Encouraging Growth-Mindset for Adults

Growth mindset is a hot topic in education – specifically in relation to the development of 21st Century Skills.  However, are we as educators encouraging and advancing our own growth mindsets?  In her post, Never Too Late: Creating a Climate for Adults to Learn New Skills, Deborah Kris reminds of the clues to identifying a professionals’ fixed mindset – “ when professionals struggle with new demands, they may be tempted to use phrases such as “I’m too old for this,” or “I already know what works for me,” or “I’m just not a computer person” – along with thoughts on our role as educators and leaders to support overcoming a fixed mindset to developing a growth-mindset.  A good reminder!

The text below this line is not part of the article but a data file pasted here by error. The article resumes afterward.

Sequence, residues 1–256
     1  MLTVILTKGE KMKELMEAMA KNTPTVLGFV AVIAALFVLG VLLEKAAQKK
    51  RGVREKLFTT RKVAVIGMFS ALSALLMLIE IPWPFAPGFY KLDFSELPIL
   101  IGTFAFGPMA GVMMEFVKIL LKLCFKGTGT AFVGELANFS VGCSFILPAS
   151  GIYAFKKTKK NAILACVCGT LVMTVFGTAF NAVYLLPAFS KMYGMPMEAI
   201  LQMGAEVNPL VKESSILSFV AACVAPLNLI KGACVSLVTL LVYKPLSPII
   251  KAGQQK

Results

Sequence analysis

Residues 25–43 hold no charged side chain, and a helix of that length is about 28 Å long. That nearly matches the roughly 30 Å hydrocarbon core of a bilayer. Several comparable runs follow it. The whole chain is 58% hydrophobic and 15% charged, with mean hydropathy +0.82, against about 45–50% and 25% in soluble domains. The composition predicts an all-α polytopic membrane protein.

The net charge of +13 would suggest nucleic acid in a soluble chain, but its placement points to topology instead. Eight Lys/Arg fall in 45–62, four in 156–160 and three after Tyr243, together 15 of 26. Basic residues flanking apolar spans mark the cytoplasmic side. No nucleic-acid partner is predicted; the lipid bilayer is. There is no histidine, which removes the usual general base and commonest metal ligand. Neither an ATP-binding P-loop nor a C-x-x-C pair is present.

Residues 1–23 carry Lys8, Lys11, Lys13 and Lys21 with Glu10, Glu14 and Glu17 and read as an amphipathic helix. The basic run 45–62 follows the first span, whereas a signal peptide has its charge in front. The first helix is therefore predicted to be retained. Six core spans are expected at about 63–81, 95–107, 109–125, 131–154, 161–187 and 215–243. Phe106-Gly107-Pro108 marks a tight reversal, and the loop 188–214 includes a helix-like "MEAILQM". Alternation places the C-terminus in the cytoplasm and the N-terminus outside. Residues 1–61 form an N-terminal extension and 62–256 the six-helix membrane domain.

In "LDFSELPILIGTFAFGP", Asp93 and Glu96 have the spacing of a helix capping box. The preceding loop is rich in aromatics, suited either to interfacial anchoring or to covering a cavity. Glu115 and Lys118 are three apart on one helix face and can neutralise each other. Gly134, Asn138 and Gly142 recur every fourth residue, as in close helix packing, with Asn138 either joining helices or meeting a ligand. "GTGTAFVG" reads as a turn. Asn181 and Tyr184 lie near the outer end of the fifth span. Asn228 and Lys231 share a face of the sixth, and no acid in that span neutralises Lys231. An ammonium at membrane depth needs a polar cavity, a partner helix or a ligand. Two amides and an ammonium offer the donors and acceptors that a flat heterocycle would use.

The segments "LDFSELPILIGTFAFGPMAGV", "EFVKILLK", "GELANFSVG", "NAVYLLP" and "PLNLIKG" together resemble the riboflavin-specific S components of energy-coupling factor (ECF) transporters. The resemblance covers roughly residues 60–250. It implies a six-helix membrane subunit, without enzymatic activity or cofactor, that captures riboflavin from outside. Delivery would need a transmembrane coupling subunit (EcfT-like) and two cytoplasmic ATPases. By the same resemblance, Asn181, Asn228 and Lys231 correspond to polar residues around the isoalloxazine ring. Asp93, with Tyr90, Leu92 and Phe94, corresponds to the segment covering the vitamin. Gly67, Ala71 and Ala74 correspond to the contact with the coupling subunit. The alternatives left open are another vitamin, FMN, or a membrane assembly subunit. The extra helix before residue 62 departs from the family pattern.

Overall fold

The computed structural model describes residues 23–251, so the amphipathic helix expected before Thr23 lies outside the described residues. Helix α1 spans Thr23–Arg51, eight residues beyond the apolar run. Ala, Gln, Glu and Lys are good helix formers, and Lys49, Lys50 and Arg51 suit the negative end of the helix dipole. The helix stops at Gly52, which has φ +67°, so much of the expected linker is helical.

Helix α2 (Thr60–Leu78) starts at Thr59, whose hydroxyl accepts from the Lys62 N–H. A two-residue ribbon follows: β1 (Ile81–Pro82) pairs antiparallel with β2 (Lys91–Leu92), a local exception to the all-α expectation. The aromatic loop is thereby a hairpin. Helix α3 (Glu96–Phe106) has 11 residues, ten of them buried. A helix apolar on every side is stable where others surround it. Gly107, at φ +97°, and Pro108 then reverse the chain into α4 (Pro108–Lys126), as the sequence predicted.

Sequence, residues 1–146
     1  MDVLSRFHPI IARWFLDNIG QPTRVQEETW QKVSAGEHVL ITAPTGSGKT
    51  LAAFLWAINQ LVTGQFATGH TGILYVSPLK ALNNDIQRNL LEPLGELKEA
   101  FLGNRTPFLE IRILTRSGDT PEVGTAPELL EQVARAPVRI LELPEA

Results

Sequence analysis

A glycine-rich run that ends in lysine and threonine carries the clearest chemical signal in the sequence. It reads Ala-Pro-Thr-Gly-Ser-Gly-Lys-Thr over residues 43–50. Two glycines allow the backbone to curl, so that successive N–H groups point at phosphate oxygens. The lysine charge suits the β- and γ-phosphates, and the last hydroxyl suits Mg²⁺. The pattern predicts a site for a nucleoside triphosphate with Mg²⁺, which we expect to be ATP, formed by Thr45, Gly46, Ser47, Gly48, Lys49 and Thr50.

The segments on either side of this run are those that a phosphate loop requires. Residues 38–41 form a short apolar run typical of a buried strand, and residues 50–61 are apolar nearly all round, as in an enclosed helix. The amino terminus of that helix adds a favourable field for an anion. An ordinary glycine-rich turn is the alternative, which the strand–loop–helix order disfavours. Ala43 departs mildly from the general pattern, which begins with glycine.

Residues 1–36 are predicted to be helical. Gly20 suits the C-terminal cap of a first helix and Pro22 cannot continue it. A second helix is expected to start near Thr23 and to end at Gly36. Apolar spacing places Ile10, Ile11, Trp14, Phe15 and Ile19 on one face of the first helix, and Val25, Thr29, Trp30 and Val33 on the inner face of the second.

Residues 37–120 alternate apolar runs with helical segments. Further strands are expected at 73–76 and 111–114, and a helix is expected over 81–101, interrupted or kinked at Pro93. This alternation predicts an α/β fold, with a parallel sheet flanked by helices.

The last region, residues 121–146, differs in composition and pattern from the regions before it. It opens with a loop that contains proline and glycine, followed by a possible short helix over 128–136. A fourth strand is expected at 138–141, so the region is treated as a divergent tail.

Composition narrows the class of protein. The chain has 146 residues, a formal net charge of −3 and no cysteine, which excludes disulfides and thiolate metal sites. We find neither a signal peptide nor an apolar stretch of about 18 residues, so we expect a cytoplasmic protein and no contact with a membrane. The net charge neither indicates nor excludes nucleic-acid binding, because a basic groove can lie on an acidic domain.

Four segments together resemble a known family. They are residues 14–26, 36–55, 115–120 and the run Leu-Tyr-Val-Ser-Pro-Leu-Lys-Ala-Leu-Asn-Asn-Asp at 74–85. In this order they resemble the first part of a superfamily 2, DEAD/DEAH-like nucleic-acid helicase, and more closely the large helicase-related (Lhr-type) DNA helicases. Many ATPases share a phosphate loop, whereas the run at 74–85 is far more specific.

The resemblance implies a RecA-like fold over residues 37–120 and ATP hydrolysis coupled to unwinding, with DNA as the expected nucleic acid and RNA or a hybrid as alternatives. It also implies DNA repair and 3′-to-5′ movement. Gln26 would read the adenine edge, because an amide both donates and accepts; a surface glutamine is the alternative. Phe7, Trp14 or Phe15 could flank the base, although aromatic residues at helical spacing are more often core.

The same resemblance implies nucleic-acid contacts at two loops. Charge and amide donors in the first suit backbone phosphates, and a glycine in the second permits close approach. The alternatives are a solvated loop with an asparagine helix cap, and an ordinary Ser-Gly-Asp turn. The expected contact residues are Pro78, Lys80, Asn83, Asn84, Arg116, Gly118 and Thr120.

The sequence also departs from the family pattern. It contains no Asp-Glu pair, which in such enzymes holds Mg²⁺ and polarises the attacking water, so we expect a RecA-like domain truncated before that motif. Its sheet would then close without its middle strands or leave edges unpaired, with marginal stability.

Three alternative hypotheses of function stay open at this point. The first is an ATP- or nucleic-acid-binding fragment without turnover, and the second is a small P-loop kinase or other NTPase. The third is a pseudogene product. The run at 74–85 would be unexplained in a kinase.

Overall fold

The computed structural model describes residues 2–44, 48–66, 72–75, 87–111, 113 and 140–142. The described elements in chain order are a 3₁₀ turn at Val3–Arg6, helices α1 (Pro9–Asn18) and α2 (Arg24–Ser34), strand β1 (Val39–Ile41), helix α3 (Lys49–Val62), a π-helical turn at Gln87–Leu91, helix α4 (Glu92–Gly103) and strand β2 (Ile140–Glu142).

Cheers to the week that was and the weeks ahead!

Schooling vs Education, Online Pillars and Badass Intros

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5 Pillars of Online Teaching

Thank you to Sylvia Guinan for her Prezi image of 5 Pillars of Online Teaching.  It nicely outlines and demonstrates connection between online presence, presentations, platforms, creativity and engagement – really great!  Sylvia further shares a suite of tools that support each pillar in her article which you can find here.

PowerPoint as a 21st Century Teaching Tool

Many thanks to Kelly Walsh and his article: 10 Pretty Awesome Things You Can Do With PowerPoint where he provides video clips and hyperlinks on how to embed videos, create more dynamic animations (including GIFs), narrate over  slide presentations, and teach students how to use PowerPoint as a template for building video content. All very practical given that PPT is a common tool we’ve been using for decades.

YouTube for Your eLearning